Question: philomena c is your first patient of the morning she...
Philomena C is your first patient of the morning. SHe was born in Italy, and moved to the united states with her family when she was 10. She is a 60 year old homemaker, who appears slightly overweight, and admits to high blood pressure and high cholesterol, both controlled by medication. She has been a patient in the practice of your dentist’s sister, Dr. Lynne, who has an office across town, for the last 30 years. She recently decided to change dental practices as our office is near her residence. Philomena has been faithful with her recall vitis and has followed all the treatments that Dr. Lynee and the various hygienist have suggested during her years as a patient in the practice, inducing routine radiographs. You begin probing and Philomena questions what you are doing. She states that “no one has ever done that to her teeth and gums” and quite frankly finds it very uncomfortable. Philomena says that she thought her oral health could be evaluated by the “full set of x-rays” that she received every few years. Your clinical exam reveal that Philomena presents with generalized tooth mobility and early furcation involvement, especially on the maxillary molars. Her probe readings are generalized 4 to 6mm in the posterior sextants. She assumed that her mouth was in good health and is shocked to find out otherwise.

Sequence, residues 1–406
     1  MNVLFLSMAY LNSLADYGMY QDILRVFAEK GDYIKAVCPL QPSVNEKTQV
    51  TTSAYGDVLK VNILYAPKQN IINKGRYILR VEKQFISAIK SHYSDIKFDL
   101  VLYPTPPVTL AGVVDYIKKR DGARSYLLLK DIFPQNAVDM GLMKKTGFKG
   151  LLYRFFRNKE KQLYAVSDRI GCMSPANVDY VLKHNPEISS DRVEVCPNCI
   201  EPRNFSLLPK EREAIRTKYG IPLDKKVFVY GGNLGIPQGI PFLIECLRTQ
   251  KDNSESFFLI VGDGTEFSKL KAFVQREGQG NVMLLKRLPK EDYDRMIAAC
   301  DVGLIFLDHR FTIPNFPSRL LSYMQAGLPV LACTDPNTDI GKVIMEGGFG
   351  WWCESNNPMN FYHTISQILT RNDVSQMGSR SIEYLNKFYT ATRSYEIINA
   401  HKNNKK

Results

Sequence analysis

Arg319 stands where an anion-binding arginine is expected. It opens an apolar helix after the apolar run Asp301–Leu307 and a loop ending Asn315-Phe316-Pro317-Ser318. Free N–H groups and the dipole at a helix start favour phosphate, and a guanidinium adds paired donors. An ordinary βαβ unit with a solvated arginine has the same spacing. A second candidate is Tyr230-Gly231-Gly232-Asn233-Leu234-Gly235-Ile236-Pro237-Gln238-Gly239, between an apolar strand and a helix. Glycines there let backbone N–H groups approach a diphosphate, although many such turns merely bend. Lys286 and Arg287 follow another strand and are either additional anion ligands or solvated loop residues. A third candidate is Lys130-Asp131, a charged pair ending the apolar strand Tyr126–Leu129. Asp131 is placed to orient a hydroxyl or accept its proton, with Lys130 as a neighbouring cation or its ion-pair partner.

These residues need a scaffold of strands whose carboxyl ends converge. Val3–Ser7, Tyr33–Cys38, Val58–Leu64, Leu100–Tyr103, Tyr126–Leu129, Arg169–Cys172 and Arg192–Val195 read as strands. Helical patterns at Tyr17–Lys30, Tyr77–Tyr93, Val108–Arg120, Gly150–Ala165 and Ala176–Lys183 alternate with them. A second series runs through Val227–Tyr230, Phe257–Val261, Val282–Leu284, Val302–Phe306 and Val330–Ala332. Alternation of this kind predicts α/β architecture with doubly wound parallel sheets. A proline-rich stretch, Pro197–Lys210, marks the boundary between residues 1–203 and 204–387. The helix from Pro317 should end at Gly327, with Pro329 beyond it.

What ethical principles are in conflict in this dilemma?
What is the best way for you to handle this ethical dilemma?
What is the best way to address/discuss Philomena’s treatment plan?